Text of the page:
AI learned to recognize people through walls

Motion tracking technology is not surprising, but a team of engineers from the Massachusetts Institute of Technology (MIT) was able to create a device that can monitor a person through walls. And the device turned out not at all cumbersome.

The device was called RF-Pose. In order to train the algorithm for new tricks, MIT employees tracked people’s movements using radar and a video camera. They fixed walking, conversation between people, sitting posture, standing and waiting pose, as well as opening doors. Then, using a not very complex computer program, the image was transformed into a skeleton model of each recorded situation. These models, together with the radio signal, studied AI, and so he learned to recognize the relationship between the radar readings and what actions a person or group of people was currently doing.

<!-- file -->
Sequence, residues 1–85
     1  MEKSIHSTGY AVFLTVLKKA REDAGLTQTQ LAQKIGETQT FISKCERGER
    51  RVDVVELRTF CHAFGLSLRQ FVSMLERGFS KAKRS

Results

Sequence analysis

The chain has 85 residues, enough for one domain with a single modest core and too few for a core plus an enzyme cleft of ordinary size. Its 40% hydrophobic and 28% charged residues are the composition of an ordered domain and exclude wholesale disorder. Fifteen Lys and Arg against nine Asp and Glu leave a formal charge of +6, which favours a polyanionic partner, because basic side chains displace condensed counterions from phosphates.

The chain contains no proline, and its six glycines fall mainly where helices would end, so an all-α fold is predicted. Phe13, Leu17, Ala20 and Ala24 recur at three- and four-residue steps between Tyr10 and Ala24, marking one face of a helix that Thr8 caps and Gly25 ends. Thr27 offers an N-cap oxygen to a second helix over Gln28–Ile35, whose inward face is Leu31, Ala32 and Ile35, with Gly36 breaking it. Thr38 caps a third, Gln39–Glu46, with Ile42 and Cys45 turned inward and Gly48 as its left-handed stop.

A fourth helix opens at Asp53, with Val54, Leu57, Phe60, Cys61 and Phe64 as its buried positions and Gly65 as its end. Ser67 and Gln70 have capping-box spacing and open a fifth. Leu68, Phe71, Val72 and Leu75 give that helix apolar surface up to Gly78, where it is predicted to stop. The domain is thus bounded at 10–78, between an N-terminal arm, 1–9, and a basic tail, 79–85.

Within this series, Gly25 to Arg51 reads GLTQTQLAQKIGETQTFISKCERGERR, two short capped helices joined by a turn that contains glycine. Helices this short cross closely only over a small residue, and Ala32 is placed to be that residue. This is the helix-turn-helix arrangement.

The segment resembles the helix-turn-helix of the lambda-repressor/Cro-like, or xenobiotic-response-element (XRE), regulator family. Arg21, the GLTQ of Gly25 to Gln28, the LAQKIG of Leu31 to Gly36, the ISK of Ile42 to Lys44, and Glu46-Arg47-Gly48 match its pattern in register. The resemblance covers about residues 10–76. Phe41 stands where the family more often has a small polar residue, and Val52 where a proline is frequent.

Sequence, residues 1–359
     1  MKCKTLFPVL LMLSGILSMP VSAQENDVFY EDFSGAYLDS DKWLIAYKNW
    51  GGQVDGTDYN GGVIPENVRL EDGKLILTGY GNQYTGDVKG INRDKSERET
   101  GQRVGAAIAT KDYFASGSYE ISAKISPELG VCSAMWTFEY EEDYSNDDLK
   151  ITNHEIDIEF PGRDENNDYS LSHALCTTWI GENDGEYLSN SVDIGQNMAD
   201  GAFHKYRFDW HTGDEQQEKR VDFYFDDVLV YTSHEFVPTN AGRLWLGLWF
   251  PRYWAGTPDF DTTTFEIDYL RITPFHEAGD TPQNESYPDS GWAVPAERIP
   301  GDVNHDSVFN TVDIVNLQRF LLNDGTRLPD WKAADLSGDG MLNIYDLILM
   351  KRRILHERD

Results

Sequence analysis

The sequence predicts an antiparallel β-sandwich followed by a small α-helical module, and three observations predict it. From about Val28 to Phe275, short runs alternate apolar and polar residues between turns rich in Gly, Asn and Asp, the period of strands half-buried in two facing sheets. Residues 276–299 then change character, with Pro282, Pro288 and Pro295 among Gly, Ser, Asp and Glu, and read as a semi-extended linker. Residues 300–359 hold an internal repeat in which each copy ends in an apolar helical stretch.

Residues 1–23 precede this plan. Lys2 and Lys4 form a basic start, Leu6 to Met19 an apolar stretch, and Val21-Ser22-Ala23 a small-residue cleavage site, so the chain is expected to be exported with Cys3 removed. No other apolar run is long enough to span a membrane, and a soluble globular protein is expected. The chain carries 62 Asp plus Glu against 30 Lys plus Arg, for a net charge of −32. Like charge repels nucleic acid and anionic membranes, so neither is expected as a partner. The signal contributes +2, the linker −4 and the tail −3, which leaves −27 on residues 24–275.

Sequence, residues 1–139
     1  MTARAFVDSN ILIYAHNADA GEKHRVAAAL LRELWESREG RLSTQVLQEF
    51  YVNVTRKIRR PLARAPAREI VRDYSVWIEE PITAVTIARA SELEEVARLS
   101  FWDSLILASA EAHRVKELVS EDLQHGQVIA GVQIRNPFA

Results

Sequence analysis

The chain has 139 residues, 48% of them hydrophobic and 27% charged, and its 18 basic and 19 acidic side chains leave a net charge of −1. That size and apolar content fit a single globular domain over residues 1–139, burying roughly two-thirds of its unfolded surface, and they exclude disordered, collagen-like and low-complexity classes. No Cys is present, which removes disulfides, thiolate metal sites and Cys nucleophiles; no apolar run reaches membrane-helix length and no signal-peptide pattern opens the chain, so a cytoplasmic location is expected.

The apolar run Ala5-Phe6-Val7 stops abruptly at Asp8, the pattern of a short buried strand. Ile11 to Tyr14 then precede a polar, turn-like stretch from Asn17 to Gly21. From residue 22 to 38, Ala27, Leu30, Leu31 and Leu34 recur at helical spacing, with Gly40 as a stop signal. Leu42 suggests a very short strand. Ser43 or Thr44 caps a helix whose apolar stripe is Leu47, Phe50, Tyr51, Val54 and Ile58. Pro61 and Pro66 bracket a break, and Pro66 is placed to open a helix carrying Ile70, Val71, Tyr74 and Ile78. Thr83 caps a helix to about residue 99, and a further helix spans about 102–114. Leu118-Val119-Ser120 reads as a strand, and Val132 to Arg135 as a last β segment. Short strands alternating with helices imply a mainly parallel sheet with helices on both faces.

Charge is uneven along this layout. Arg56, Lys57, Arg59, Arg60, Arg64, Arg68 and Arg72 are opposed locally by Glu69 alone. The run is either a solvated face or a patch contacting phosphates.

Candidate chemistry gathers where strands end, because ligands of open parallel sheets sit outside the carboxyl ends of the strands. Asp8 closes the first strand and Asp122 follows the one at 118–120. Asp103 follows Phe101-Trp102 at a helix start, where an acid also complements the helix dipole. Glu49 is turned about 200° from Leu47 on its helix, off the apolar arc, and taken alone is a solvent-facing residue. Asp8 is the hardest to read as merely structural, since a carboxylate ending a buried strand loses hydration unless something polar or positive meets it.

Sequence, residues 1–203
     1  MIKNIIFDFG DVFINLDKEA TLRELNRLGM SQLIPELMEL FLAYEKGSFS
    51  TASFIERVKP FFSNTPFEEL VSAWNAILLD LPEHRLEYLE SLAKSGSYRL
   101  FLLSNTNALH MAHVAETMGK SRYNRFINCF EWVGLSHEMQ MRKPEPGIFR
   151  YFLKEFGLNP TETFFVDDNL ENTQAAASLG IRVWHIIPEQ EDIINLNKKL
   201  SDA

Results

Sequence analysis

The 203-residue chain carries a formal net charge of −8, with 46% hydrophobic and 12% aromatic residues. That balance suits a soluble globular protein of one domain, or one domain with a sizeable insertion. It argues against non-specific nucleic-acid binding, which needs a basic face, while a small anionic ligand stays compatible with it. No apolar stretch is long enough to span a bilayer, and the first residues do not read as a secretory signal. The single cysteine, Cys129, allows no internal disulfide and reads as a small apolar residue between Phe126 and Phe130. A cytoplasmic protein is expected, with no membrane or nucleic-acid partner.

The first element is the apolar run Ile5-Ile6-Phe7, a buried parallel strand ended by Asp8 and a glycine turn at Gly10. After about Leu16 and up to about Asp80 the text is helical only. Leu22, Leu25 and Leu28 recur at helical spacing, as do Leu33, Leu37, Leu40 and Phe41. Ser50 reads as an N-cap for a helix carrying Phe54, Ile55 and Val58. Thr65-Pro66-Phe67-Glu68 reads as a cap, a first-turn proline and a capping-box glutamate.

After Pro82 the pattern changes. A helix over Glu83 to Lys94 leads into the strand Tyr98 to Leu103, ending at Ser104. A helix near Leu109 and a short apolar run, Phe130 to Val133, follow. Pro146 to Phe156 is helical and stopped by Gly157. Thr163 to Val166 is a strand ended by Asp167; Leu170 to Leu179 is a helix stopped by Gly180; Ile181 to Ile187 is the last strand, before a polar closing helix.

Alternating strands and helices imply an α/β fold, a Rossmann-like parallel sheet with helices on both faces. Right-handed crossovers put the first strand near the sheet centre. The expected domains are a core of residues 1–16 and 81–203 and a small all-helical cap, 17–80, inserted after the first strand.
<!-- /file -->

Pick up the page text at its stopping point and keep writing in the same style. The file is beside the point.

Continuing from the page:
As a result, MIT specialists have created an algorithm that in real time can show people moving behind a wall or other obstacle. It is worth noting that at the moment the system is able to “give out” only a two-dimensional image, but in time, the system can be optimized in such a way that it can monitor in three dimensions.

Creators also plan to teach AI to recognize more complex movements, such as fine motility of the hands and fingers, since now it is only possible to observe the movement of limbs and trunk. The authors themselves argue that their system can find application in a wide variety of areas. From quite logical observations of places of mass congestion of people to medical institutions and places of detention.

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